Apuleius Platonicus. Comments on Verbascum from P. Buchan, Witchcraft Detected and Prevented, 1824. In book 10 of The Odyssey, Homer has Ulysses say “The Slayer of Argus plucked from the ground the herb he promised me. The Gods call it Moly, and he showed me its nature, to be black at the root with a flower like milk. It would be difficult for men and mortals to dig up Moly; but the Gods can do anything” (translated by T. E. Shaw). There’s no scholarly consensus on the identity of moly, since it doesn’t sound like mullein.
Boughman, Arvis Locklear and Loretta O. Oxendine. Herbal Remedies of the Lumbee Indians, 2004.
Camazine, Scott and Robert A. Bye. “A Study Of The Medical Ethnobotany Of The Zuni Indians of New Mexico,” Journal of Ethnopharmacology 2:365-388:1980.
Curtin, Leonora Scott Muse. Healing Herbs of the Upper Rio Grande, 1947, republished 1997, with revisions by Michael Moore.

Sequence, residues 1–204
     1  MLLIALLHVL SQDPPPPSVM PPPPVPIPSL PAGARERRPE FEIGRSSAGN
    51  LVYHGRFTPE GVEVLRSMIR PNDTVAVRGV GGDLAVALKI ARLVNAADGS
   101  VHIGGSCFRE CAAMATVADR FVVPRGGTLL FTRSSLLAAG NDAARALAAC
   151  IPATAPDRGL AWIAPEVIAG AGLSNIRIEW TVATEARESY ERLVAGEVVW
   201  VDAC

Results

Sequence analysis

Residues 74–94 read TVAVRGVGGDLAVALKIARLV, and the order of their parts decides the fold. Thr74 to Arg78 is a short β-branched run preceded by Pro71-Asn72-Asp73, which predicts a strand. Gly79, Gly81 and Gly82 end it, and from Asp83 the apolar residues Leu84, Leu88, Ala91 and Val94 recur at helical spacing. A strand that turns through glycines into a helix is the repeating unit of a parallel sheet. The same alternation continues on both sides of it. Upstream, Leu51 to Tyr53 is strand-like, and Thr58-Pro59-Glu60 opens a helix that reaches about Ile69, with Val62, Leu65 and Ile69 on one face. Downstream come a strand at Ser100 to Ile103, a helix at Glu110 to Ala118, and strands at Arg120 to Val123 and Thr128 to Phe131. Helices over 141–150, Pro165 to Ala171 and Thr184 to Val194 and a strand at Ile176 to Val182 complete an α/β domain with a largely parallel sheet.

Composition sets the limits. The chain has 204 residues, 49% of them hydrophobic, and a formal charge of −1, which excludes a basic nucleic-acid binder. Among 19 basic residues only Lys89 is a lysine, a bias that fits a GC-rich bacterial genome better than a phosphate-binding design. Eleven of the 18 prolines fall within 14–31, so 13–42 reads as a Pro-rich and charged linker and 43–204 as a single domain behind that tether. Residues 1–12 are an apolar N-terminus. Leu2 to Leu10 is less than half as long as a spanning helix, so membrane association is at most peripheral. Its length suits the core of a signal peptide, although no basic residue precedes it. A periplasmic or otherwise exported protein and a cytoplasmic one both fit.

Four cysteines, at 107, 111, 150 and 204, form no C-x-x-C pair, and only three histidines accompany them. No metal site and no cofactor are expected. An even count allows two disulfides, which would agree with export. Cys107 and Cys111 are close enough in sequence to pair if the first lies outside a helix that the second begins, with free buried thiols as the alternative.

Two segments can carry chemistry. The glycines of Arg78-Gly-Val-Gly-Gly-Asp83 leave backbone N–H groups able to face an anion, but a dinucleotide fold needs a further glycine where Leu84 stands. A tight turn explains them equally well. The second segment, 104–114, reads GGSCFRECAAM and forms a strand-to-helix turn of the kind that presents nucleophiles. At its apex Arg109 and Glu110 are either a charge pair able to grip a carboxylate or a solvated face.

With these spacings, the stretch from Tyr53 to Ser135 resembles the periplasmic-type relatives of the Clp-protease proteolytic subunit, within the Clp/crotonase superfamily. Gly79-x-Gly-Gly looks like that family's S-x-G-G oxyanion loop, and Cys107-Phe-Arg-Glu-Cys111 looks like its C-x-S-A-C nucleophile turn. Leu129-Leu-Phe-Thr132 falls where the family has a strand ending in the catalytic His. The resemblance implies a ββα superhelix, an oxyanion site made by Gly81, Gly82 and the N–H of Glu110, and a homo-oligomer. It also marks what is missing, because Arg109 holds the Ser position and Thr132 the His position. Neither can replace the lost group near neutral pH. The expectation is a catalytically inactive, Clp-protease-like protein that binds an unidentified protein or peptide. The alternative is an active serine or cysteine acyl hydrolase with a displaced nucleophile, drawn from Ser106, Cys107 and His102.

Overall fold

Cutler, Manasseh. An Account of Some of the Vegetable Productions, 1785.
Dioscorides, Pedanius. De Materia Medica, book 4, translation found on Cancerlynx website. He claimed white phlomis was female and listed additional uses, including bruises and wounds.
Moerman, Dan. Native American Ethnobotany, 1998. He includes other uses not mentioned here, including its use as ceremonial tobacco by the Isleta and Menominee.
Quaker Dan. “Indian Diapers & Toilet Paper,” Back 40 Forums website, 8 August 2009. The discussion began when someone who called himself The Old Buzzard described the complex way he shredded first year leaves and placed the fragments within layers of leaves to create modern style diapers for his children.